When Alfonso Perez Acosta moved to Richmond in 2014, it was a clarifying moment. The visual artist from Colombia had been working in a variety of disciplines: installation, sculpture, photography, painting and drawing. After the move, he focused on drawing portraits.
“When you migrate, you have this weird awareness of everything around you and of yourself,” he says. “What I discovered was my voice, my power place as an artist, was in drawing.”
His wife was born here, but the local arts community was what brought them here.
“It’s a place where people appreciated what I do already. It’s very strange, I don’t know how to explain it, but I didn’t feel this way even in Colombia.”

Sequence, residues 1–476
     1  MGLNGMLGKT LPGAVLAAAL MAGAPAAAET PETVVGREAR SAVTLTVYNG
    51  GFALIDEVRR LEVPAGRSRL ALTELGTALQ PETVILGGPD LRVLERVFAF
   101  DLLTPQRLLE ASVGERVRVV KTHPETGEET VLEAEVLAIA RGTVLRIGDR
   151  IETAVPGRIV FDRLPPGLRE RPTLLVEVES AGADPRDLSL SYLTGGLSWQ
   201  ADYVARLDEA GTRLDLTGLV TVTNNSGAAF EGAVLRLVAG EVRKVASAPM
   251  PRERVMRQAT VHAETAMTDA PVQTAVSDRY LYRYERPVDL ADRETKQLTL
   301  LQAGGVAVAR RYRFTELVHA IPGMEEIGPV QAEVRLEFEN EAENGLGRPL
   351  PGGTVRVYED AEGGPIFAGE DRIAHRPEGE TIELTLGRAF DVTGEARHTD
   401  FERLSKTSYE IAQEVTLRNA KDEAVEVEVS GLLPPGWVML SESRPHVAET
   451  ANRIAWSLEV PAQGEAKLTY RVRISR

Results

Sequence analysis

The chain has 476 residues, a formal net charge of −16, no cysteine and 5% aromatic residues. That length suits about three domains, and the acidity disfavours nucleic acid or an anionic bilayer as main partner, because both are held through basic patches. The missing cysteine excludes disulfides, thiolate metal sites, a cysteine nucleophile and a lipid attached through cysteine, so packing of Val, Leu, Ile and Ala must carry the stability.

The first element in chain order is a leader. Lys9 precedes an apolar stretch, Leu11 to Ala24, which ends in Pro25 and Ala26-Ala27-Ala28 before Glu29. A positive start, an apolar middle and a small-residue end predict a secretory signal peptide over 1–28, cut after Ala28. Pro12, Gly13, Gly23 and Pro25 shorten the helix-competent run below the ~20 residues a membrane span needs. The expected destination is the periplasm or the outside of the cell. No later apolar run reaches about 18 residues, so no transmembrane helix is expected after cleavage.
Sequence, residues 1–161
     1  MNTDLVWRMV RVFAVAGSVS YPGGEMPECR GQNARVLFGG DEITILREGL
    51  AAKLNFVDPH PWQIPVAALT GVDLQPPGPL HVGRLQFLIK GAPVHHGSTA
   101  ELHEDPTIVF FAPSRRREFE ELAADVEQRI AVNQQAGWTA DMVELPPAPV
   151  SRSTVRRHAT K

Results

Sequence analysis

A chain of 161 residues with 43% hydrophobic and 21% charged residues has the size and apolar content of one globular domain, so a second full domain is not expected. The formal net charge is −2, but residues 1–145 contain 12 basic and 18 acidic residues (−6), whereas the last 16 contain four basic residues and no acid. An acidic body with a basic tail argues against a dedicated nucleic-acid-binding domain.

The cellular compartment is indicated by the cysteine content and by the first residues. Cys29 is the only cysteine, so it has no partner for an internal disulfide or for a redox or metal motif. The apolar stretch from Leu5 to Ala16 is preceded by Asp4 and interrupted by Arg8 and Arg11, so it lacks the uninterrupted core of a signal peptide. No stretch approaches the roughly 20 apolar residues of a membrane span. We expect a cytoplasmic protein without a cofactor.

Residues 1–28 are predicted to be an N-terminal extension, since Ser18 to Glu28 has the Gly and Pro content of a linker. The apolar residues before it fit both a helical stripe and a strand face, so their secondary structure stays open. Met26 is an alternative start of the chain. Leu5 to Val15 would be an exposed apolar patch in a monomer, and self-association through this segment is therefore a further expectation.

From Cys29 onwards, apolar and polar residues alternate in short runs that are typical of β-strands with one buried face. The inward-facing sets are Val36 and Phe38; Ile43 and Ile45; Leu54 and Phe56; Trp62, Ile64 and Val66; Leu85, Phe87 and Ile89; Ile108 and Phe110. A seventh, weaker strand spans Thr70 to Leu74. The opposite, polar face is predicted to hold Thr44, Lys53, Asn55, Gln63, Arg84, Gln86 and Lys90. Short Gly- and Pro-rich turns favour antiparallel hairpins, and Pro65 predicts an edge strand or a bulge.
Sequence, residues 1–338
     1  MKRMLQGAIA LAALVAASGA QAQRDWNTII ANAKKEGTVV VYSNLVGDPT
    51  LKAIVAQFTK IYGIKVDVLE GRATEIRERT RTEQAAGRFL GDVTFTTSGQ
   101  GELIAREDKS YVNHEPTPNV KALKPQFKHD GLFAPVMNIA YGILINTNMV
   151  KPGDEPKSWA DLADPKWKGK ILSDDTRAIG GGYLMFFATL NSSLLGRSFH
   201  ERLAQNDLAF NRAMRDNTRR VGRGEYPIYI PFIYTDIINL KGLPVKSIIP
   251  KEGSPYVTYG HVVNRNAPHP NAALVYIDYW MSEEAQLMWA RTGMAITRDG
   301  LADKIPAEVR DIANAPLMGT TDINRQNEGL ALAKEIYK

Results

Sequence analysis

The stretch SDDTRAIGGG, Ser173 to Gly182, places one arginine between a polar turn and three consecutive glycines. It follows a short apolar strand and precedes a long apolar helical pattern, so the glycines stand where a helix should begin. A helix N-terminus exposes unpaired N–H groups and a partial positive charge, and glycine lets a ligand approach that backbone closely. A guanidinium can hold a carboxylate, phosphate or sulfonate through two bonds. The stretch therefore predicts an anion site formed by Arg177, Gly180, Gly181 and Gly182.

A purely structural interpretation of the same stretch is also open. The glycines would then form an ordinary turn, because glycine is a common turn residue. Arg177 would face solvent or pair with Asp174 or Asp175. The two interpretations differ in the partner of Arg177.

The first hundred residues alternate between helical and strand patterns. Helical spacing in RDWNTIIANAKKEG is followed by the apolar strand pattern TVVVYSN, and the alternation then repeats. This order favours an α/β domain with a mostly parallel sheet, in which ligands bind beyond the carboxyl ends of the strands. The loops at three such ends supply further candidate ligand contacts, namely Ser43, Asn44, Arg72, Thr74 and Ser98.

Perez Acosta began working for Sacred Heart Center as an assistant, supporting high school English as a second language students with academics and mental health. He founded an arts program, Casa Lapíz, working with middle schoolers at the center.
“They are in transition, between what they’re bringing with them from their home, and what they’re being exposed to here,” he says. “How can you get rid of stress through art, or voice out things that may be unhealthy for you?”
Recent work includes a street art collaboration through Art, Reconciliation, and Civic Advocacy, with Hamilton Glass and South Side teenagers. The teenagers conceived, then painted a traffic-calming mandala in the intersection at Bainbridge and 12th streets.
Perez Acosta has an upcoming exhibit, Migrant Flow, opening Oct. 27 at Canvas Gallery. Gestural drawings of local immigrant dancers paired with their live performances will highlight his focus on migration in his favorite medium.
“When you do portraits, you’re really connected to someone,” he says. “They’re a little homage, a way to honor the person.”Back to the 2019 Top 40 Under 40